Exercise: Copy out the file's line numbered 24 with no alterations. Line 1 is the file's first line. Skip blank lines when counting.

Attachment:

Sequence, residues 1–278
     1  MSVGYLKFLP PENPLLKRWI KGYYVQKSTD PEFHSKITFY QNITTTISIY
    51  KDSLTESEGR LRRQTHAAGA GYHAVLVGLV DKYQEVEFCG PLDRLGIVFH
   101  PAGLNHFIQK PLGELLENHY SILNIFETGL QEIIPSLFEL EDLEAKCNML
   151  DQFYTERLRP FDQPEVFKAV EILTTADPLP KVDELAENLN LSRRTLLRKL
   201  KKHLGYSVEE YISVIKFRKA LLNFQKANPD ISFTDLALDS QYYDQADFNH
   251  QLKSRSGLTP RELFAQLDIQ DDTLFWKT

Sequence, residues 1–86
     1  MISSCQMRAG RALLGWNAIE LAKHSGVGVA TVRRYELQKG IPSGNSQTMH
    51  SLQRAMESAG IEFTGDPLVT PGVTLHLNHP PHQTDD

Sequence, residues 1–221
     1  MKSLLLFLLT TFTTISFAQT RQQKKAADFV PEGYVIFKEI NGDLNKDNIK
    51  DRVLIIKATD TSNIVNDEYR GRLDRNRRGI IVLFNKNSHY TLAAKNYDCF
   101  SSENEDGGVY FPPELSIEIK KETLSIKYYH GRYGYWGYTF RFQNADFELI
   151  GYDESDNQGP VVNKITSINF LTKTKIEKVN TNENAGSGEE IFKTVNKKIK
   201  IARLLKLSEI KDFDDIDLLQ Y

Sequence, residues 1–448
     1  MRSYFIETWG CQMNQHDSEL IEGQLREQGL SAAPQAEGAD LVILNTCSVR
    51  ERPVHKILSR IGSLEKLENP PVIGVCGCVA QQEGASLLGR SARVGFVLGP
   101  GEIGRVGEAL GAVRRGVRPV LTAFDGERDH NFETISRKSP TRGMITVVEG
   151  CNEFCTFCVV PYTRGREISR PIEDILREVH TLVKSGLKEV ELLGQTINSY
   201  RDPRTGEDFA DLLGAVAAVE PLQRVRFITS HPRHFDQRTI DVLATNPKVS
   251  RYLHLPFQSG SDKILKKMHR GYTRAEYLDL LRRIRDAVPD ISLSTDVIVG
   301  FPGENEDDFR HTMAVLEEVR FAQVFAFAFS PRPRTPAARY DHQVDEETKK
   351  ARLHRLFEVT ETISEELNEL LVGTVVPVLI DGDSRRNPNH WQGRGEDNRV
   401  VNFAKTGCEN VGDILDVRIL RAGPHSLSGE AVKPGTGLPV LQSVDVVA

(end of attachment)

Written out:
   301  FPGENEDDFR HTMAVLEEVR FAQVFAFAFS PRPRTPAARY DHQVDEETKK